Karo/Jakarta. Beru Sembiring fled his home on the slopes of the erupting Mount Sinabung weeks ago because he was told the high level of volcanic ash in the air posed a serious threat to his health.
At the government-run shelter where he now stays, the ash still hangs heavy in the air outside, while inside the poorly ventilated building the air is stale and laden spores that have already sparked an outbreak of respiratory tract infections among some of the thousands of people crammed together here.
“We’re still breathing in the volcanic ash,” Beru, 50, says at the shelter in Los Tiga Binanga village in Karo district, North Sumatra. “Lots of people are coughing, and several have lung ailments.”
He says protective face masks were initially distributed among people coming to the shelter, but have not been handed out now for more than a week.
Officials say 16 people have died of illnesses here since the shelter was set up last November, when Sinabung roared into life after 400 years of lying dormant, but have given no details on the causes of death.
Clean water is also in short supply, with two 4,000-liter tanker trucks coming to the shelter daily — nowhere near enough, Beru says, to meet even the most basic needs of the shelter’s nearly 3,000 inhabitants, who also have to share all of four toilets.
Trash is piling up, with no one clearing it away, adding to the unhealthy miasma that shrouds the shelter.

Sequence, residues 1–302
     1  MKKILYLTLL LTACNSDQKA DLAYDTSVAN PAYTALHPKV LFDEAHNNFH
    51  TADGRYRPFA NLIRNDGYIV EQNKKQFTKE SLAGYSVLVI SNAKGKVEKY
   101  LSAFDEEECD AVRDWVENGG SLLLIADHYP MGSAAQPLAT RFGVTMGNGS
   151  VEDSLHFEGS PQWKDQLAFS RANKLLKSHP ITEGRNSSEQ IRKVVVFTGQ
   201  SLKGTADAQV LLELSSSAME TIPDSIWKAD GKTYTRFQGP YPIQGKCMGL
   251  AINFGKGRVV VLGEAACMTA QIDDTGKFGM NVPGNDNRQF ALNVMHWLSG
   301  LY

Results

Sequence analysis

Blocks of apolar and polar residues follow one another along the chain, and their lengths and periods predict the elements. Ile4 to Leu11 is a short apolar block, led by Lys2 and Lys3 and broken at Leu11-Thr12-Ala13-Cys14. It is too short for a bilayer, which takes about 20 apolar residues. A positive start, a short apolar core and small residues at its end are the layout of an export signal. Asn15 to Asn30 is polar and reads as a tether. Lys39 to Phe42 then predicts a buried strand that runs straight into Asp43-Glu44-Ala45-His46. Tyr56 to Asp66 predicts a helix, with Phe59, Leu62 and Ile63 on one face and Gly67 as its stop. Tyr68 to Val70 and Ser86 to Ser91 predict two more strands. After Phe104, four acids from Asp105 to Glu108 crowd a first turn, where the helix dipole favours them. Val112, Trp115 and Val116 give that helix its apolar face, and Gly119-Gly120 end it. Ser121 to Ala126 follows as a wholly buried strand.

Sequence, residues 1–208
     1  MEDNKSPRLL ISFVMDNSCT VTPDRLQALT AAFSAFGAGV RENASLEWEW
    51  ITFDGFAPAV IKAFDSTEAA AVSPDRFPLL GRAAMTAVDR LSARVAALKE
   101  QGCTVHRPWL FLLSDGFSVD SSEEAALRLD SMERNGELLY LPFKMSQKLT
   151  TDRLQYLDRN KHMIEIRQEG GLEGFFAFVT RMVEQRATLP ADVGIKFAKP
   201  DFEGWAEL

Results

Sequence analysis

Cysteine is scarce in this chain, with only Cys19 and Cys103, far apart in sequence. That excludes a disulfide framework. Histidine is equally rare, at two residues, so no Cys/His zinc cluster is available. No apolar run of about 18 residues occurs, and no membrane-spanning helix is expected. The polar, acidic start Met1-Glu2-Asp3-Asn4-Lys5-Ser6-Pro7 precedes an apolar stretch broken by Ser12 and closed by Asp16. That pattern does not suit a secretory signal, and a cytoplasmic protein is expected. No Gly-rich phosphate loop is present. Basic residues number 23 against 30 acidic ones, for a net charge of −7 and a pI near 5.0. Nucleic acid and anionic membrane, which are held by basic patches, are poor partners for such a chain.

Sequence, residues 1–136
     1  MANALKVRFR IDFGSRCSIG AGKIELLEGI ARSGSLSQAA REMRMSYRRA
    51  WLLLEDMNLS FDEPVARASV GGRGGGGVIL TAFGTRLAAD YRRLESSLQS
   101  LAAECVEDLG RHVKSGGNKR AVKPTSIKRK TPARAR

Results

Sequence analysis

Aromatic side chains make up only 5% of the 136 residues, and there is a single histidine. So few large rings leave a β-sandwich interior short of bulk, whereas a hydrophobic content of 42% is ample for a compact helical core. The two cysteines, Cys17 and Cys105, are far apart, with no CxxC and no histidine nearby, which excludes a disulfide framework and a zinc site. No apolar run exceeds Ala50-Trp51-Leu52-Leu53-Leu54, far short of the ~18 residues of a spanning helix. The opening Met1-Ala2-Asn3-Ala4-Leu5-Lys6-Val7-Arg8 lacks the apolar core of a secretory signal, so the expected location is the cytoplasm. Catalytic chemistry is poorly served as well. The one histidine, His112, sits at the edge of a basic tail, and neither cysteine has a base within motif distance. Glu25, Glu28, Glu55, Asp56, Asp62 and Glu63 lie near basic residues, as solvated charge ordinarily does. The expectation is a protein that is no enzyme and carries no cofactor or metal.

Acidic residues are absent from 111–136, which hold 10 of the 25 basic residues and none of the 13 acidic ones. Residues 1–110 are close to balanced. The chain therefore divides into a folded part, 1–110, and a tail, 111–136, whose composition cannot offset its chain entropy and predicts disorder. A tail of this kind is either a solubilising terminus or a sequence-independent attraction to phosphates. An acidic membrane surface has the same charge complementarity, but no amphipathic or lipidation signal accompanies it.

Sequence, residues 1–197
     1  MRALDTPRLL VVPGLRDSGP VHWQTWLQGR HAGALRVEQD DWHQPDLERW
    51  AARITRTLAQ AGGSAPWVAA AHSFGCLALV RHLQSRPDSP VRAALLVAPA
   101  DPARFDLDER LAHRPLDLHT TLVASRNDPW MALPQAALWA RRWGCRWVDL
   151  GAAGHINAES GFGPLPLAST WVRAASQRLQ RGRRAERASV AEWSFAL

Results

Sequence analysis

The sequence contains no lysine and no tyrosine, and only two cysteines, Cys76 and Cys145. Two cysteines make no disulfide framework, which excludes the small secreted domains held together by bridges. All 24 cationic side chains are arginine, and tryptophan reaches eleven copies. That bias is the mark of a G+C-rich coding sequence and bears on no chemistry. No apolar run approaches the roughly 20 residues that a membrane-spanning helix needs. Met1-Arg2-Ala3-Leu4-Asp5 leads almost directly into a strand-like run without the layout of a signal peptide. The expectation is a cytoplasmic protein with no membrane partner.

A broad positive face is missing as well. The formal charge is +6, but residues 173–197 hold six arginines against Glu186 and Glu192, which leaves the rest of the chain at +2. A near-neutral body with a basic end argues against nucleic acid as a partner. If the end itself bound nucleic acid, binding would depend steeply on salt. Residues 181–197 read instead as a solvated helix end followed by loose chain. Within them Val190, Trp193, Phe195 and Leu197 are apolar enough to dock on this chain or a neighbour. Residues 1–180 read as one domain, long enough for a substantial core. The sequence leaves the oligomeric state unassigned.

Jhonson Tarigan, a spokesman for the government team overseeing the shelters set up for the Sinabung evacuees, says officials are doing all they can.
“We continue to provide the people with assistance, including reminding them not to return to their villages,” he says.
“We have medical personnel at every shelter. Individuals who require more serious treatment are being advised to go to a hospital, and the government will pay for their treatment.”
But Sastroy Bangun, 35, a local community youth leader, says the government is not doing enough.
“The water supply, for instance, is far from adequate. People are having to go days without washing,” he says.
“The sleeping conditions are very crowded. And there’s the constant problem of the ash in the air.”
Sastroy says he has seen at most eight medical workers at the Los Tiga Binanga, and contends that even a team of 10 would not suffice to deal with all the health complaints being reported daily.
With the eruptions dragging on for more than three months now, calls are mounting for the government to declare the situation a national disaster, which would compel it to give greater priority to relief efforts.
Marwan Jafar, the chairman of the National Awakening Party (PKB) at the House of Representatives in Jakarta, said on Sunday that the government needed to show “national solidarity” with those displaced by Sinabung.
“For the short- and long-term interests of those affected, there’s no choice but for the government to declare the Sinabung crisis a national disaster,” he said.
He added that the largely agrarian community had seen its crops destroyed by the blanket of ash, depriving them of their livelihoods in addition to their homes.
Marwan accused the local and central governments of being more focused on politics than on the plight of the residents, given that the elections were just three months away.
“Officials at all levels of government have done an injustice to these people who are suffering,” he said. “They need concrete solutions, not false promises that are politically expedient.”